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Eosinophilic Cellulitis

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1. Eosinophilic cellulitis (Wells syndrome) successfully treated with mepolizumab (Full text)

Eosinophilic cellulitis (Wells syndrome) successfully treated with mepolizumab 29892672 2019 02 26 2352-5126 4 6 2018 Jul JAAD case reports JAAD Case Rep Eosinophilic cellulitis (Wells syndrome) successfully treated with mepolizumab. 548-550 10.1016/j.jdcr.2018.02.011 Herout Sandra S Department of Dermatology, Division of Immunology, Allergy and Infectious Diseases, Medical University of Vienna, Vienna, Austria. Bauer Wolfgang Michael WM Department of Dermatology, Division of Immunology (...) Wells syndrome eosinophilic cellulitis mepolizumab 2018 6 13 6 0 2018 6 13 6 0 2018 6 13 6 1 epublish 29892672 10.1016/j.jdcr.2018.02.011 S2352-5126(18)30052-3 PMC5991892 N Engl J Med. 2017 May 18;376(20):1921-1932 28514601 Eur J Dermatol. 2014 Sep-Oct;24(5):603-10 25115356 N Engl J Med. 2017 Oct 26;377(17 ):1613-1629 28893134 Nat Rev Drug Discov. 2013 Feb;12(2):117-29 23334207 Trans St Johns Hosp Dermatol Soc. 1971;57(1):46-56 5570262 Int J Dermatol. 2013 Aug;52(8):949-54 23786445 Lancet Respir Med

2018 JAAD Case Reports PubMed

2. Eosinophilic Cellulitis

Eosinophilic Cellulitis Eosinophilic Cellulitis Toggle navigation Brain Head & Neck Chest Endocrine Abdomen Musculoskeletal Skin Infectious Disease Hematology & Oncology Cohorts Diagnostics Emergency Findings Procedures Prevention & Management Pharmacy Resuscitation Trauma Emergency Procedures Ultrasound Cardiovascular Emergencies Lung Emergencies Infectious Disease Pediatrics Neurologic Emergencies Skin Exposure Miscellaneous Abuse Cancer Administration 4 Eosinophilic Cellulitis Eosinophilic (...) Cellulitis Aka: Eosinophilic Cellulitis From Related Chapters II. Pathophysiology Noninfectious III. Symptoms and Signs Moderate erythema or edema Rapid development over days Minimal tenderness, and lack of local heat No response to antibiotics IV. Diagnosis Biopsy of lesion ic infiltrate V. Course Resolves in weeks, but often recurs Images: Related links to external sites (from Bing) These images are a random sampling from a Bing search on the term "Eosinophilic Cellulitis." Click on the image (or right

2018 FP Notebook

3. Treatment of eosinophilic cellulitis (Wells syndrome) - a systematic review. (PubMed)

Treatment of eosinophilic cellulitis (Wells syndrome) - a systematic review. Eosinophilic cellulitis (Wells syndrome) is a rare inflammatory skin disease defined by erythematous, tender, sometimes urticarial plaques, possibly with vesicles and bullae, and granulomatous eosinophilic infiltrates in the dermis. Usually the disease has a benign course with spontaneous remission within a few weeks. Nevertheless, recurrences are quite frequent and may occur for several years. The objective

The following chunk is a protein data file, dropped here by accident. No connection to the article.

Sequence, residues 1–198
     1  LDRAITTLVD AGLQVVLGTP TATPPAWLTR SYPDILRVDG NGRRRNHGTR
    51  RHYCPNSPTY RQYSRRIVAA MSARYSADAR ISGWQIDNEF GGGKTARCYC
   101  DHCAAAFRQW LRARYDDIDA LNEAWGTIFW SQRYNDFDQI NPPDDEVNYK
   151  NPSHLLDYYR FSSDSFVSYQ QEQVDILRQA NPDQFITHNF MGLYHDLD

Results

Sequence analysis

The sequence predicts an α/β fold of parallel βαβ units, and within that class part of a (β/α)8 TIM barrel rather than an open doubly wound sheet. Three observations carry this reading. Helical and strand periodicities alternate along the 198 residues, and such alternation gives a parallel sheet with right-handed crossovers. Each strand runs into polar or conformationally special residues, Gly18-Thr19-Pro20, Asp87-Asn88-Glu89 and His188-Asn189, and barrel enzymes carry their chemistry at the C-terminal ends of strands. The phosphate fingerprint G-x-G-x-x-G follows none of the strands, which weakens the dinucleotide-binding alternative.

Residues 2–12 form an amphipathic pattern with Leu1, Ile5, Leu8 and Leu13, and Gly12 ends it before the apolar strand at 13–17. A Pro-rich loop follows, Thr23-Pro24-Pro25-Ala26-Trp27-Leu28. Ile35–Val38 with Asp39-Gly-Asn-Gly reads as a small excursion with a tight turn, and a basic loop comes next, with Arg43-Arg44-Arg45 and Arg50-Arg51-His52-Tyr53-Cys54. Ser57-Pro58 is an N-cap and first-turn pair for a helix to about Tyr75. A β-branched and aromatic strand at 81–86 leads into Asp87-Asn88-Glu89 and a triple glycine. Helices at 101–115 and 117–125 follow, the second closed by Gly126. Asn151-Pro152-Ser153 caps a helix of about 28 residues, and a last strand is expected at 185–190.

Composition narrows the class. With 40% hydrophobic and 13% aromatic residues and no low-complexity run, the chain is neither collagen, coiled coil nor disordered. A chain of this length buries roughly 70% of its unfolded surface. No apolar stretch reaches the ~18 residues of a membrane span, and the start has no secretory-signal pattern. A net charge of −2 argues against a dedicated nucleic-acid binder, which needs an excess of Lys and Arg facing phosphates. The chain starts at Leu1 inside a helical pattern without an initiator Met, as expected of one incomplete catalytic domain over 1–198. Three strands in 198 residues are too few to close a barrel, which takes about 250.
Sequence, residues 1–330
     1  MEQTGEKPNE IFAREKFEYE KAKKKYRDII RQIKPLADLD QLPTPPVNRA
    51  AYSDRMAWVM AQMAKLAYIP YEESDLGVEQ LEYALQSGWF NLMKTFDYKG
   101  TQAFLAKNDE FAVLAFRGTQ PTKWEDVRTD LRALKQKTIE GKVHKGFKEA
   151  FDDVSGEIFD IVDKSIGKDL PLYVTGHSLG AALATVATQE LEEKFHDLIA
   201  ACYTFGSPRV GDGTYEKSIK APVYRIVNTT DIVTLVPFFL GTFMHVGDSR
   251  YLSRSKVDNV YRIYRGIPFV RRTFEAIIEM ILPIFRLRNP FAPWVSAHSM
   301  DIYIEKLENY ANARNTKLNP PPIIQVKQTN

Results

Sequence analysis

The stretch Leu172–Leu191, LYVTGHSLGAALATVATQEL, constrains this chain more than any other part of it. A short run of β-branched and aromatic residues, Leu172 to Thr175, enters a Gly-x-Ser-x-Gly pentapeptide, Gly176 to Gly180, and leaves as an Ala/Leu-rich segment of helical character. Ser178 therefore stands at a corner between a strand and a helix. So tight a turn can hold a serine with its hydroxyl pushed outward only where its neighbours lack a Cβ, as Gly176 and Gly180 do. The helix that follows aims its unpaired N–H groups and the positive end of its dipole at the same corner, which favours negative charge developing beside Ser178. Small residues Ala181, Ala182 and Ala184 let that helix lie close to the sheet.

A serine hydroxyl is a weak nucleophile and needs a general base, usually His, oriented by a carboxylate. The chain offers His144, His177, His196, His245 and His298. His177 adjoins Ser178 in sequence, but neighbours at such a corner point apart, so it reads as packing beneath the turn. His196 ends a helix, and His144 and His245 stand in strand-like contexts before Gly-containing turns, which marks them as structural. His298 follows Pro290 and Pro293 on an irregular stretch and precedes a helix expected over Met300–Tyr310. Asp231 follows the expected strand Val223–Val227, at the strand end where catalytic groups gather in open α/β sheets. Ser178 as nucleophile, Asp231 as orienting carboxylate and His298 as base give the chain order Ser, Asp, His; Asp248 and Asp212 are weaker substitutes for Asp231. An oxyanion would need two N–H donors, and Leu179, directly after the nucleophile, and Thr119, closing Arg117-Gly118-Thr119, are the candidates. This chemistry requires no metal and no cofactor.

2016 Journal of the European Academy of Dermatology and Venereology : JEADV

4. Eosinophilic cellulitis (Wells’ syndrome) caused by a temporary henna tattoo (Full text)

Eosinophilic cellulitis (Wells’ syndrome) caused by a temporary henna tattoo Eosinophilic cellulitis (Wells' syndrome) is an uncommon condition of unknown etiology. Wells' syndrome is usually seen in adulthood but very rare in childhood. Although pathogenesis of the disease is not very clear, it is a hypersensitivity reaction developing against a variety of exogenous and endogenous antigenic stimuli. Paraphenylenediamine is a strong allergen frequently used as a temporary henna tattoo, which

2014 Advances in Dermatology and Allergology/Postȩpy Dermatologii i Alergologii PubMed

5. Wells Syndrome (Eosinophilic Cellulitis) (Overview)

Wells Syndrome (Eosinophilic Cellulitis) (Overview) Wells Syndrome: Background, Pathophysiology, Etiology Edition: No Results No Results Please confirm that you would like to log out of Medscape. If you log out, you will be required to enter your username and password the next time you visit. https://profreg.medscape.com/px/getpracticeprofile.do?method=getProfessionalProfile&urlCache=aHR0cHM6Ly9lbWVkaWNpbmUubWVkc2NhcGUuY29tL2FydGljbGUvMTEyNDg0NC1vdmVydmlldw== processing > Wells Syndrome Updated (...) : Mar 06, 2018 Author: Robert A Schwartz, MD, MPH; Chief Editor: Dirk M Elston, MD Share Email Print Feedback Close Sections Sections Wells Syndrome Overview Background In 1971, George Wells first described this syndrome as a recurrent granulomatous dermatitis with eosinophilia. [ ] Wells and Smith renamed it eosinophilic cellulitis in 1979. [ ] Wells syndrome (eosinophilic cellulitis) is an uncommon condition of unknown etiology. The presentation usually involves a mildly pruritic or tender

2014 eMedicine.com

6. Wells Syndrome (Eosinophilic Cellulitis) (Diagnosis)